Chapter 38 (15th edition)

The Stormy Sixties

  1. Kennedy’s “New Frontier” Spirit
    1. Kennedy was the youngest president ever elected (though Teddy Roosevelt had taken over at a younger age). JFK personified the glamor and optimism of a younger, robust, vibrant America. Inaugural addresses seldom are memorable, Kennedy's was memorable with the line, "…ask not, what your country can do for you: ask what you can do for your country."
      1. JFK also put together a young cabinet, "the best and the brightest", including his brother Robert Kennedy, 35 years old, as Attorney General.
        1. "Bobby" Kennedy focused the FBI's efforts on "internal security", not-so-much on organized crime, and none on civil rights.
        2. Longtime FBI head J. Edgar Hoover did not like the reforms.
      2. Robert McNamara left a business background to become head of the Defense Department.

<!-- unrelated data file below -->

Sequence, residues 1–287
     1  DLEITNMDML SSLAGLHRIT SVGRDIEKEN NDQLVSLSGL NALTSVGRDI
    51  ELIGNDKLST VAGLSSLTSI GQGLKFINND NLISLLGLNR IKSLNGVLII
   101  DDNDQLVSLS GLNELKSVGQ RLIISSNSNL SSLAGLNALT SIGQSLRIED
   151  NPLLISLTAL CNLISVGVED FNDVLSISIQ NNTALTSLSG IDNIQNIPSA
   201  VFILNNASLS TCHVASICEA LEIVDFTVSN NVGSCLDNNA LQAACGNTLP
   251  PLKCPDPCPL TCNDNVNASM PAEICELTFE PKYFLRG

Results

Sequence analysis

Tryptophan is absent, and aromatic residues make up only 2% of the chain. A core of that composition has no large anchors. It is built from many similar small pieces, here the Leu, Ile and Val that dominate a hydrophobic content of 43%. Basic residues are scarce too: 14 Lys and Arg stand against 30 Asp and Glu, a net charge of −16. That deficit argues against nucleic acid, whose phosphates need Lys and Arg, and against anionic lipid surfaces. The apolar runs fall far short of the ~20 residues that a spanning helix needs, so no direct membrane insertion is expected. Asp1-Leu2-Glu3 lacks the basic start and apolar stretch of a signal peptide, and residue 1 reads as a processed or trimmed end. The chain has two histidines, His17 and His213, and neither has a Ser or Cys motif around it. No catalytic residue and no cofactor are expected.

2. JFK had high expectations. He'd spoken of a "New Frontier", hinting that America was on the brink of something newly great. He was optimistic and idealistic.
      1. Kennedy started the Peace Corps where mostly young, idealistic Americans would go to third world nations to help out and teach. Usually the fields were health, agriculture, languages and math.
    3. Kennedy was wealthy, Harvard-educated, witty. He and his cabinet went to the White House very confident.
  2. The New Frontier at Home
    1. The New Frontier, his domestic social program, was threatened by both Democrat and Republican conservatives. Some of Kennedy's steps were put made…
      1. The House Rules Committee was expanded—this might help avoid conservative hang-ups.
      2. A noninflationary wage agreement was settled, contingent on companies keeping prices down. When steel companies did not, Kennedy called in their leaders into the White House, reprimanded them, and they backed down.
      3. Supporters of free enterprise and laissez-faire capitalism were not happy about these actions. They did support JFK when he said he would not increase spending but would cut taxes to stimulate the economy.